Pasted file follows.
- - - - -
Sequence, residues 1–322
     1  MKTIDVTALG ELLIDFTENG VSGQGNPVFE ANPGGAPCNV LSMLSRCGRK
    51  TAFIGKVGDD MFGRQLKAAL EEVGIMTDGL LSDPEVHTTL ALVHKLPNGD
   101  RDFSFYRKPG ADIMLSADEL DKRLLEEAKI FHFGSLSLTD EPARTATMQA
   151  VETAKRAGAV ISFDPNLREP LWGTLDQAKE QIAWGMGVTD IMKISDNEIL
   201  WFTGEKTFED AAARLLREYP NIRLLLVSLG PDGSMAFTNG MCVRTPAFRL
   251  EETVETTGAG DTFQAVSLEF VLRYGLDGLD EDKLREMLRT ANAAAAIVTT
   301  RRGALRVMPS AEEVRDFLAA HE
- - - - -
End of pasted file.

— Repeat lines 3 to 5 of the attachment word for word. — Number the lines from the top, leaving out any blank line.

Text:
    51  TAFIGKVGDD MFGRQLKAAL EEVGIMTDGL LSDPEVHTTL ALVHKLPNGD
   101  RDFSFYRKPG ADIMLSADEL DKRLLEEAKI FHFGSLSLTD EPARTATMQA
   151  VETAKRAGAV ISFDPNLREP LWGTLDQAKE QIAWGMGVTD IMKISDNEIL